''I used to be a bum and now I'm a hero,'' says Jan Reynolds, the only female member of the ''Grand Circle of Everest'' mountain-climbing expedition, which was completed this summer. ''But I'm just doing what I've always done.''
With physical and mental toughness she seems to take for granted, Miss Reynolds is a veteran of several major, otherwise all-male ski and climbing expeditions as well as a number of spontaneous ''pickup trips.''
''I'm always ready to drop things and go,'' she says.
Although Miss Reynolds is one of the premier woman climbers in the United States, the spectacular Grand Circle expedition, which mountain historian Leo LeBon has dubbed ''the greatest mountain adventure of all time,'' has finally brought her serious recognition.
The Grand Circle expedition, conceived and led by Ned Gillette, involved traversing and skiing the circumference and satellite peaks of Mt. Everest, including the first successful winter ascent of Mt. Pumori, one of the major peaks in the Nepalese Himalayas. Because of political and climatic constraints, the expedition was divided into two half-circles scheduled between monsoon seasons: the southern half-circle in Nepal in the winter and the northern half-circle in Tibet in the spring.
''We saw Everest from all facets,'' Miss Reynolds says. In her estimation, the expedition was particularly demanding because it included all types of climbing, from trekking to technical rock and ice climbing. It was a tremendous test of endurance, including three 20,000-foot passages in succession. The team members climbed an equivalent of three times the height of Mt. Everest on the Nepal side alone.
Climbing in the Himalayas during the winter also posed some unforeseen challenges.
''It was about 1 1/2 months into the trip and we had all lost about 25 pounds when we ran out of food,'' Miss Reynolds recalls. The team had arranged to meet a group of Sherpas who would supply them with maps and food for the last leg of the trip. The juncture they had agreed upon was a common meeting point during the summer months, but since the American team was the first to climb the range in the winter, no one realized the winter monsoons would make the route impassable.
Unfortunately, the team's map ended at that quadrangle, so the climbers were stranded with no map, no food, and no idea how long it would be until they could replenish their supplies. Their only choice was to press on.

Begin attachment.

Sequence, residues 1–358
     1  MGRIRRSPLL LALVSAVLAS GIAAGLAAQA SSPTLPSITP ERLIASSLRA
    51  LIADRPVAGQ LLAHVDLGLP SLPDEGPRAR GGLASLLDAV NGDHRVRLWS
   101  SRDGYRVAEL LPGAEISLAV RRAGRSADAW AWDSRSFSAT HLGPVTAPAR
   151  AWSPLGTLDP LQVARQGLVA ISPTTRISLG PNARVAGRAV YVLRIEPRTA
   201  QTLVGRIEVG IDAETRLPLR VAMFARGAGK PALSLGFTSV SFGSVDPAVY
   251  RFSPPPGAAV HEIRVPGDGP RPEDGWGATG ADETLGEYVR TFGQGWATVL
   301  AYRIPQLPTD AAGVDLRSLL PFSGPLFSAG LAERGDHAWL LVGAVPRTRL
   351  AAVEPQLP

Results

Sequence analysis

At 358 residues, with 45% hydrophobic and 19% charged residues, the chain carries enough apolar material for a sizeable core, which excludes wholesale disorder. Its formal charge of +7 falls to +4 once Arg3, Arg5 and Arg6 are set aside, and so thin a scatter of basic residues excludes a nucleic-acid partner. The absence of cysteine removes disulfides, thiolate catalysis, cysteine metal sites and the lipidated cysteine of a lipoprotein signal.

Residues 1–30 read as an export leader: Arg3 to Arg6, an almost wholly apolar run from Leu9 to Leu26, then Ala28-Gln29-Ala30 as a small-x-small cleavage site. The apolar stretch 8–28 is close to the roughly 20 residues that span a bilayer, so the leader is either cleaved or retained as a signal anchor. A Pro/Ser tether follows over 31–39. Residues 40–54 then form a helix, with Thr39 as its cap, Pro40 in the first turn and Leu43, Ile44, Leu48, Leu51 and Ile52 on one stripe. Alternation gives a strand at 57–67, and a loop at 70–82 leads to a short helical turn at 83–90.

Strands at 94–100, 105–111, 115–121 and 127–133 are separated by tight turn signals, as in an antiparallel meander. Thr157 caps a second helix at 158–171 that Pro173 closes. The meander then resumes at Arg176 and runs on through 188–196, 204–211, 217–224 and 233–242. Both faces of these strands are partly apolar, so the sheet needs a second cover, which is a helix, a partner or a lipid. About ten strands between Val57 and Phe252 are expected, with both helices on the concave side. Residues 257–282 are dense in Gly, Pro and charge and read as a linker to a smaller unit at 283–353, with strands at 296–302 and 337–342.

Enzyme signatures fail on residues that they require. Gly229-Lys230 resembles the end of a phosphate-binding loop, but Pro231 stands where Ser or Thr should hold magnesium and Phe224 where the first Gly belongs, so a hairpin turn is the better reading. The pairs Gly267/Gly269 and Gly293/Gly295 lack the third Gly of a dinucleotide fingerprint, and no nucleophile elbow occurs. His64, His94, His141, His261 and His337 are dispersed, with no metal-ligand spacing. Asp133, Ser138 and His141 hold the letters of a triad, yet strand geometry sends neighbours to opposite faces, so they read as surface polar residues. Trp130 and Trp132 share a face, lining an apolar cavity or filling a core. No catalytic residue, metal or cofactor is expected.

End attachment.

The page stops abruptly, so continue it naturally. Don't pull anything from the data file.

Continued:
''When you go on a trip like that you learn to expect the unexpected,'' Miss Reynolds says.
As it turned out, it was five days before they reached civilization, ending what Jan Reynolds dubbed at the time ''The Himalayan Instant Weight Loss Plan.''
Her humor also helped lighten the mood at another low point. After an unsuccessful first attempt at Mt. Pumori, a storm day kept the disappointed and exhausted team members in camp while they planned their second assault. Miss Reynolds prodded herself and the others into good spirits by telling riddles and getting everyone to play ''Hangman.''
That evening a compliment from team member Jim Bridwell caught her by surprise. Paraphrased from her journal, he said, ''You know, it's the first time I've been on a trip with a woman and I think it's better. . . . A woman always has something worthwhile to say - she monitors things.''
Since Jan Reynolds had always climbed as an equal with all-male teams, it had never really occurred to her to consider any special contribution as a woman. But thinking about it later, she observed that with men a competitive edge sometimes gets in the way of reason and there may be a temptation to try more than they could realistically accomplish.
On this recent trip, she says, she never hesitated to bring up all the alternatives when the team was deciding on a course of action. ''But I don't play the wimp,'' she says.
Miss Reynolds is a Vermont native who has always enjoyed the outdoors, and athletic achievements have played a natural part in her life. She's a 1978 graduate of the University of Vermont, where she was a member of its nationally ranked women's ski team. At age 19 she went to Norway ''to see where cross-country skiing was born'' and was certified there as a cross-country ski instructor. Later, during a trip to China in 1980, without realizing it at the time, Miss Reynolds set the high-altitude skiing record for women after skiing down the 27,757-foot Mt. Muztagata.
Now after the Grand Circle trip she plans to concentrate on training for biathlon competitions (which combine skiing and rifle shooting). As for future climbing expeditions, ''I just leave myself wide open and see what comes up,'' she says.